As a farm girl, even when I was quite young I had my “farm chores”—but I had time also to be alone, to explore the fields, woods and creek side. And to read.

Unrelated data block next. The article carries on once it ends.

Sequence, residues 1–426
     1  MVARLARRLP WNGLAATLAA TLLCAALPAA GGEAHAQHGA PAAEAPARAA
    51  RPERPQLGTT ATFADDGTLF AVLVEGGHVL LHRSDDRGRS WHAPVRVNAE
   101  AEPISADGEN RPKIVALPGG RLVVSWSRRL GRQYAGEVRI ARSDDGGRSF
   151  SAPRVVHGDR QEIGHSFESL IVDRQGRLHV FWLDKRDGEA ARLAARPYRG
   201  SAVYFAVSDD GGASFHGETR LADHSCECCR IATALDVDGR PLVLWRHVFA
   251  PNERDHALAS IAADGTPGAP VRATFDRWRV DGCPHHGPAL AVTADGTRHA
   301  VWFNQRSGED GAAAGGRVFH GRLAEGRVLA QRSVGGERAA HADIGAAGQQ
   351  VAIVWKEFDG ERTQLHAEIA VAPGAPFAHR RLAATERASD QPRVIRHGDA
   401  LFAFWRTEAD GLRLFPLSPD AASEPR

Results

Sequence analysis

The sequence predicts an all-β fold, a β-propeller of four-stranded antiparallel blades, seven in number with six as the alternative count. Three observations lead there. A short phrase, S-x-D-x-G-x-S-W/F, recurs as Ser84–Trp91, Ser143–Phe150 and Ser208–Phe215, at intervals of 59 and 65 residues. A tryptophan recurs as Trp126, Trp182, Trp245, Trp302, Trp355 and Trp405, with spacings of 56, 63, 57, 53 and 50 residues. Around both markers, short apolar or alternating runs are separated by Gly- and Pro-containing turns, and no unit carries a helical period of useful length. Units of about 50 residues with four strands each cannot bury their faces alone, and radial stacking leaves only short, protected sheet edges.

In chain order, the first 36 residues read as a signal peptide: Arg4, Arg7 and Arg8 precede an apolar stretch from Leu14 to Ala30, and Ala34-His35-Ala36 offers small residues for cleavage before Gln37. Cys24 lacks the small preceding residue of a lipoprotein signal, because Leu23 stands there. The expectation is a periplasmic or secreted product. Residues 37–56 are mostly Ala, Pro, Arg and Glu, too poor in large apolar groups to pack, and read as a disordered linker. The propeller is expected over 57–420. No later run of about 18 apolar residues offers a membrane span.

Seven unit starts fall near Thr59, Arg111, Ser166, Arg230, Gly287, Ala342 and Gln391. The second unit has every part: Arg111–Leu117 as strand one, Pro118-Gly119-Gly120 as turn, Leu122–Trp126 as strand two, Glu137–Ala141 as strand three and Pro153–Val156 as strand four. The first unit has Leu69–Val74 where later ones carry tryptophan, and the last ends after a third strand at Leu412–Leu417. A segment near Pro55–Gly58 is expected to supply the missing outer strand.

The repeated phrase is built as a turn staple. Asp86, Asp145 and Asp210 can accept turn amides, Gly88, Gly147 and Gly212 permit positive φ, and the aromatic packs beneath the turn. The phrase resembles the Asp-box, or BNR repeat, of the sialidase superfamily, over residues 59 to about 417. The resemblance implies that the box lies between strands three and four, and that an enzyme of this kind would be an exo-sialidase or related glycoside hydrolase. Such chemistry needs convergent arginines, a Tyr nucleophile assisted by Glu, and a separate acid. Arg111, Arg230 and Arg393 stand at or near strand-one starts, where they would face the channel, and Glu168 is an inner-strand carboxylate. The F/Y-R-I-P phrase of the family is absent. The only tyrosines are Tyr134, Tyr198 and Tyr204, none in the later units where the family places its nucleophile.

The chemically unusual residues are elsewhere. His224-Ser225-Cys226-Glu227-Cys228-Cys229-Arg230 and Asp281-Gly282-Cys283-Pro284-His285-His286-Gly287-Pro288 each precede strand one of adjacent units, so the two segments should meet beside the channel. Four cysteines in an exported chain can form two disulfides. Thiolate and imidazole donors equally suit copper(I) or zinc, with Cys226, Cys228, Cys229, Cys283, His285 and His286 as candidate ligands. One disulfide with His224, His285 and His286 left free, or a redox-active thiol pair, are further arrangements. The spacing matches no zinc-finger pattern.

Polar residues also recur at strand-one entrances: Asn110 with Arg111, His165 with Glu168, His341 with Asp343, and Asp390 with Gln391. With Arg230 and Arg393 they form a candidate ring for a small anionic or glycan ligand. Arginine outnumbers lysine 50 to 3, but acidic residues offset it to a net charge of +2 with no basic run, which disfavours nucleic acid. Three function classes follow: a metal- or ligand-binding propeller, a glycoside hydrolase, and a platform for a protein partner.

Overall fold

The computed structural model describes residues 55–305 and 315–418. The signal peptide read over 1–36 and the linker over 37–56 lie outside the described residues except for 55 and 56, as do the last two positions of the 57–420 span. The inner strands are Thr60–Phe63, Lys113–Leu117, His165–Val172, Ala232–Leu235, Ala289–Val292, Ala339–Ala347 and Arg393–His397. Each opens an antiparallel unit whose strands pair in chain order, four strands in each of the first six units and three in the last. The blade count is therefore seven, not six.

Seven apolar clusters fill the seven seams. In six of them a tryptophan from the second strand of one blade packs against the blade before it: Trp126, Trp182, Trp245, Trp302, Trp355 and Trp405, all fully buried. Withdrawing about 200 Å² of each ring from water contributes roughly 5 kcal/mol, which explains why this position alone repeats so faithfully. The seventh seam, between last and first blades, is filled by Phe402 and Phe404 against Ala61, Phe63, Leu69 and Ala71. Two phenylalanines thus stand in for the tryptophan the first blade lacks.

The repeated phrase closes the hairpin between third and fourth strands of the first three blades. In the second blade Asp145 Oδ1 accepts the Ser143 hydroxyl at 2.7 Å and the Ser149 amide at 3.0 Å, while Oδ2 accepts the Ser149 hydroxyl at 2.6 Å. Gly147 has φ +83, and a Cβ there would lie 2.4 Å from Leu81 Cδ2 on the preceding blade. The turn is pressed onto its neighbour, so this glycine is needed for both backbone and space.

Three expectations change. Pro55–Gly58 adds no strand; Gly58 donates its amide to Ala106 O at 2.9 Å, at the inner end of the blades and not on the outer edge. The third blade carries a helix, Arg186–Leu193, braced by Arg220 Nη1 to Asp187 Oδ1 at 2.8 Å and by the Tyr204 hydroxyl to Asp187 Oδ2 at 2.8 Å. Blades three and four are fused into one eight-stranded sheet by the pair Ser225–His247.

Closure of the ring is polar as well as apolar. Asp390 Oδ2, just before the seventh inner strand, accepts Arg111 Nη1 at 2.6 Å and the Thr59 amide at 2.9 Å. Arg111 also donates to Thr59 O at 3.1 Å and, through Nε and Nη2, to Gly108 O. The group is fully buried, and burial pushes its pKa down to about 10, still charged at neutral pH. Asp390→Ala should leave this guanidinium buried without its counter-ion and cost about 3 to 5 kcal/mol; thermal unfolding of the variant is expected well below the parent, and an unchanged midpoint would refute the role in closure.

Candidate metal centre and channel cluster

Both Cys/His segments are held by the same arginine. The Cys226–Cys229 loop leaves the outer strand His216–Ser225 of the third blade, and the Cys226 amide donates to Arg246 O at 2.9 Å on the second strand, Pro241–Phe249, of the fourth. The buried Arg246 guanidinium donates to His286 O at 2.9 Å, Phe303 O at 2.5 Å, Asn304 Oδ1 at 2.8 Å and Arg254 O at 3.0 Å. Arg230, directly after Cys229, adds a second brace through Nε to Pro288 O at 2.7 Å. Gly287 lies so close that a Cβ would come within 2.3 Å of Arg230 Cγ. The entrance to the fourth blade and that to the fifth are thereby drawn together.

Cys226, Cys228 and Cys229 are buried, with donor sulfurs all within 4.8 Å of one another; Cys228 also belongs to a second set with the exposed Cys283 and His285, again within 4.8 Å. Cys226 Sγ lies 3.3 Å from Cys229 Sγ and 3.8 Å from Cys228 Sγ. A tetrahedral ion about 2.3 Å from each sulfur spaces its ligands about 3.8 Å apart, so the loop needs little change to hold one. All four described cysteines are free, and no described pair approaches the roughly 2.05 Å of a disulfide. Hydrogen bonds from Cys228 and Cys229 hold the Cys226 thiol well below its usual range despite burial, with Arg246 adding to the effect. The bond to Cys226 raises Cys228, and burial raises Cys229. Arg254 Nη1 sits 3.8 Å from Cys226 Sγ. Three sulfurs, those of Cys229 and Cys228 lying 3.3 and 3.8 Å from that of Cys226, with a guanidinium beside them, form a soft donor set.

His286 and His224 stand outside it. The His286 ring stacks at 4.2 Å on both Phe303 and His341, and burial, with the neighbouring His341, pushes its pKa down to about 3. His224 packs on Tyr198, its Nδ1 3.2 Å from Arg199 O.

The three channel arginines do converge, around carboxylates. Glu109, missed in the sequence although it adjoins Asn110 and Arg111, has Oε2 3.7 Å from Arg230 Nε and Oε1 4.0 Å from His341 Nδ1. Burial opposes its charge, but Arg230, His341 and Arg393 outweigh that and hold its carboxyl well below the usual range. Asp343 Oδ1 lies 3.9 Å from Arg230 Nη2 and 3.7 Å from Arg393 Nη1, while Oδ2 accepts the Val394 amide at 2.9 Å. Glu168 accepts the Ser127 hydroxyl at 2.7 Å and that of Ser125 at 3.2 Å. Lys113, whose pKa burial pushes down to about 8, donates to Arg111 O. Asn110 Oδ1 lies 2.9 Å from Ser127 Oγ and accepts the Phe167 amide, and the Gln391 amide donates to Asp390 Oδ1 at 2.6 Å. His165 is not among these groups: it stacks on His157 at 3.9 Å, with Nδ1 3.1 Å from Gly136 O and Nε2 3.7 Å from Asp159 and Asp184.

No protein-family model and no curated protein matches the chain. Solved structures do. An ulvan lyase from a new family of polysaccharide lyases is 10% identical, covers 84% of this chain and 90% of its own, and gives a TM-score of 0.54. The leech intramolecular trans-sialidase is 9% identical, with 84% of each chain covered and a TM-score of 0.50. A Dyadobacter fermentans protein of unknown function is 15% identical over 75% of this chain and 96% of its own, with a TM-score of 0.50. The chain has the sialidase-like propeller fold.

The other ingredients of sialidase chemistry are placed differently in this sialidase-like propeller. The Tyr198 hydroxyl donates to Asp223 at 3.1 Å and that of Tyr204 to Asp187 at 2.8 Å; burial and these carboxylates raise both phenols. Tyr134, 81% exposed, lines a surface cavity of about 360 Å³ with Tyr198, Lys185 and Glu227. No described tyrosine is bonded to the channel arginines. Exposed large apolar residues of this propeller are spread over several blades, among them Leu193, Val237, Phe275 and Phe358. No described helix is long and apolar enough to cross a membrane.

There was no greater happiness for me than to read—children’s books at first, then “young adult”—and beyond. No greater happiness than to make my way along the seemingly infinite shelves of books in the Lockport Public Library, drawing my forefinger across the spines. My grandmother was an avid reader whom all the librarians knew well, and whom they obviously liked very much; two or even three times a week she checked books out of the library—novels, biographies. I remember once asking Grandma about a book she was reading, a biography of Abraham Lincoln, and how she answered me: this was the first conversation of my life that concerned a book, and “the life of the mind”—and now, such subjects have become my life.